The jury takes a look at the students' work at Parsons.

YOU’RE THE BOSS: Students at Parsons School of Design at The New School in New York have been honing their sustainable fashion design and innovation skills with the help of Hugo Boss.

The partners tested the waters with a workshop last year. To encourage exchange between different disciplines, the project was open to students in various areas of the school from fashion design to business. At Wednesday night’s graduate exhibit opening at the New York school, Hugo Boss announced the winners of its Circular Systems and Strategy course. Twenty students participated in the 16-week program, which is part of the company’s partnership with Parsons.

The $12,000 first prize, Boss One, was awarded to Annabella Waszkiewicz, Gwyneth Ong and Jose Luis Cabrera. The $6,000 runner-up Boss Unravel went to Chenyu Wang, Haoyu Chen and Monika Mikhail. The $3,000 special mention Boss Skeleton was given to Elijah Devries, Camilla Hopkinson, Irene Lu, Alex O´Brien and Lara Tang. Their concepts will be displayed in one of the Boss stores in New York this year. All participants will have the opportunity to extend their work experience with the global fashion group. Hugo Boss’ former artistic director of women’s wear Jason Wu attended Parsons. 

Thirteen million tons of clothing are reportedly trashed annually. Sustainability, along with affordability and convenience, are key factors in the growth of the sharing economy, as Euromonitor International indicated in a report earlier this year. Time-strapped on-the-go consumers have increasingly mobile lifestyles and are trying to cut costs, save time and live freely in a way that is also eco-friendly.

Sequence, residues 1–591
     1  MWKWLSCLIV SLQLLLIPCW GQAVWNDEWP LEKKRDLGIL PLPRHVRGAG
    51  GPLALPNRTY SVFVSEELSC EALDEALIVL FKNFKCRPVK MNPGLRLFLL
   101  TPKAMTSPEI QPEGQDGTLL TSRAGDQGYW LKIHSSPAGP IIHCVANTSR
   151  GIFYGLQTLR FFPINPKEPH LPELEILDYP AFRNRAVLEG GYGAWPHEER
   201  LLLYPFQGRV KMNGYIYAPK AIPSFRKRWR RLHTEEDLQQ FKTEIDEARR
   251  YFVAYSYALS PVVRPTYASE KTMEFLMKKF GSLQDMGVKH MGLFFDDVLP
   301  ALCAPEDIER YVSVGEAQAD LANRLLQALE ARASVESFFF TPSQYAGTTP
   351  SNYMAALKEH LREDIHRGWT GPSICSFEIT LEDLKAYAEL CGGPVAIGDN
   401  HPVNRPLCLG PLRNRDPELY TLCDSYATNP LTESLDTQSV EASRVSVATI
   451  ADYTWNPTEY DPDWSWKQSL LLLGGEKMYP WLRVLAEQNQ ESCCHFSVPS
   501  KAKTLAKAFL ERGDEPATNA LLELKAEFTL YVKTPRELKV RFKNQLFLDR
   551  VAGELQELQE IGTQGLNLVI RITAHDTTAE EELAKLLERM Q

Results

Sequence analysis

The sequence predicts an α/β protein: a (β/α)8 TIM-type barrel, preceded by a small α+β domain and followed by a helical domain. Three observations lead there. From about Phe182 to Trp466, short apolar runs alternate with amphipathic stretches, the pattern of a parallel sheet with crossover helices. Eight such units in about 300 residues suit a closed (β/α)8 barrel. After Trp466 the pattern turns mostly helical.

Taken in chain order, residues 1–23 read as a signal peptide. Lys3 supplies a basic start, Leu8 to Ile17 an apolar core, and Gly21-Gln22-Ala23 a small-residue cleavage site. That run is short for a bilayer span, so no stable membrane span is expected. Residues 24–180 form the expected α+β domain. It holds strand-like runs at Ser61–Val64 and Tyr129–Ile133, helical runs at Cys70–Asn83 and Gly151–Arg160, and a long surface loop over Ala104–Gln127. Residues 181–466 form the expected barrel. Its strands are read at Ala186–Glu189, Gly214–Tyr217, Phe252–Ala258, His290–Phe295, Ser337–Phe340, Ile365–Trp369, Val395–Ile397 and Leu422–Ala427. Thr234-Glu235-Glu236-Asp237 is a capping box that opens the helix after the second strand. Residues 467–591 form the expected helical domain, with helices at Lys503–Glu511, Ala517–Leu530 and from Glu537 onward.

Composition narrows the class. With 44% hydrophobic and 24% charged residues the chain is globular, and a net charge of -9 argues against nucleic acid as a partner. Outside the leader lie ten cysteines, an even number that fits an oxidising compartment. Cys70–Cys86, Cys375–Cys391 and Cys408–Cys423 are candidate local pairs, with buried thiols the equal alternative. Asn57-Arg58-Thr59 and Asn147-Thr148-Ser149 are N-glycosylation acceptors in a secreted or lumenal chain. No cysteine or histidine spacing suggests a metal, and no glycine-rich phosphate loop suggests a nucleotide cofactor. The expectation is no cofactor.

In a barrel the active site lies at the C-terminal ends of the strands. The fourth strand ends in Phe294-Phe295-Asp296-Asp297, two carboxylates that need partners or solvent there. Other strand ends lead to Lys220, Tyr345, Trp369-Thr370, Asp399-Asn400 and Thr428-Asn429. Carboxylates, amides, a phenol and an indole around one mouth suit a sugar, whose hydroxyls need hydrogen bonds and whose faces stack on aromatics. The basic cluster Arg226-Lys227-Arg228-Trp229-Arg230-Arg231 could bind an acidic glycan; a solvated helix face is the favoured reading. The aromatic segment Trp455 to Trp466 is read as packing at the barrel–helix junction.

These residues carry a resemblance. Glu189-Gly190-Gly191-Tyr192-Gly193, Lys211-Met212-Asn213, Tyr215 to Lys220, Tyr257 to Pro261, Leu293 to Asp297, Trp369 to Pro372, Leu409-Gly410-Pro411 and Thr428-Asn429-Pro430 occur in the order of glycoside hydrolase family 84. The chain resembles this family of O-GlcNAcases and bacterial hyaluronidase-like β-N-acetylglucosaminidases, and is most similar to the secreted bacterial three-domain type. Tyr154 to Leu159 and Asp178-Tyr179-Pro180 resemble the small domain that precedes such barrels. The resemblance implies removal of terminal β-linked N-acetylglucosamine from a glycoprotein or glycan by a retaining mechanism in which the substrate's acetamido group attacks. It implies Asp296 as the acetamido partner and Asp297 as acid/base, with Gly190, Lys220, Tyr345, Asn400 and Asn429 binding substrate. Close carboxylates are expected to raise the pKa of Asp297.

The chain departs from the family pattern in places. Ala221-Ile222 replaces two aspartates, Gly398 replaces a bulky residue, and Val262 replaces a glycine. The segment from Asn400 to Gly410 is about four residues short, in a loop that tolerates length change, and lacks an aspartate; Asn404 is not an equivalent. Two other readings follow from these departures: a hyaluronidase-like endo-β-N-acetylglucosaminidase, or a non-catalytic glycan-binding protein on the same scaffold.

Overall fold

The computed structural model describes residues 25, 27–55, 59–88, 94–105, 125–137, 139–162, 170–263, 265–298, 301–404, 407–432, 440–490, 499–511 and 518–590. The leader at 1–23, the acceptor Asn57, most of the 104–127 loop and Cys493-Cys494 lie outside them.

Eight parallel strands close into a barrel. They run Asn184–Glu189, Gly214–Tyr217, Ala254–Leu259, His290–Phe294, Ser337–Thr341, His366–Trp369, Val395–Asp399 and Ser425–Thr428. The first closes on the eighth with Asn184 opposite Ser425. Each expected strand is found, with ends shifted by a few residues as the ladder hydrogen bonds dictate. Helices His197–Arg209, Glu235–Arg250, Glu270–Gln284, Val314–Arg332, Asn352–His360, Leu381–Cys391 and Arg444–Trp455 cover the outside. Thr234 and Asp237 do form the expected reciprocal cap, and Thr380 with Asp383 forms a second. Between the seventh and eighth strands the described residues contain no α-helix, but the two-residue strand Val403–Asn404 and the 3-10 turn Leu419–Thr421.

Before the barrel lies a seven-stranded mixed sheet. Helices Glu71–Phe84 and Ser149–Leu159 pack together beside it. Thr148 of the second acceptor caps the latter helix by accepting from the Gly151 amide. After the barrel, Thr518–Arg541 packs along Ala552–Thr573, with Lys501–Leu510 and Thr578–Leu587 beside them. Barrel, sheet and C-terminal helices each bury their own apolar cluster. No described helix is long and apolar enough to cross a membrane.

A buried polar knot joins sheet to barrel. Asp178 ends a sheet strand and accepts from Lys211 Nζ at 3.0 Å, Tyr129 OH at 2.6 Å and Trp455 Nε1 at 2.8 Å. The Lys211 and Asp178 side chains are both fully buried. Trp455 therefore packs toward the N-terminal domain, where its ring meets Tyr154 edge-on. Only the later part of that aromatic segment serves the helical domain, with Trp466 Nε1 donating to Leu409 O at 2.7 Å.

The company’s commitment is in step with the Global Fashion Agenda’s call for fashion brands and retailers to sign a commitment to accelerate the transition to a circular fashion system. Ingo Wilts, chief brand officer at Hugo Boss, said, “We want to foster a passion for fashion, innovation and sustainability among the new generation of talents, and with Parsons, we have an outstanding partner at our side.”

The Hugo Boss-supported competition drummed up the exchange of know-how, ideas and experiences between the fashion house and the students in search of developing groundbreaking design solutions and products. Students were tasked with creating a premium circularity approach for the Boss Menswear. That included creating an outfit and prototype with a marketing and distribution concept. The goal was to bolster innovation and sustainability as product qualities at Hugo Boss while attracting gifted up-and-comers with unconventional ideas to the company.

Reporting modest gains in the first quarter for Hugo Boss earlier this month, Boss chief executive officer Mark Langer said the company is investing “significantly” in product quality in terms of fabric and finishing. “Our technicians say our quality for the price and feel for detail is on a very high level. We’re working with new innovative materials and just brought out our first sustainable sneaker, the upper of which is made from a fabric derived from pineapples,” he said in a conference call.

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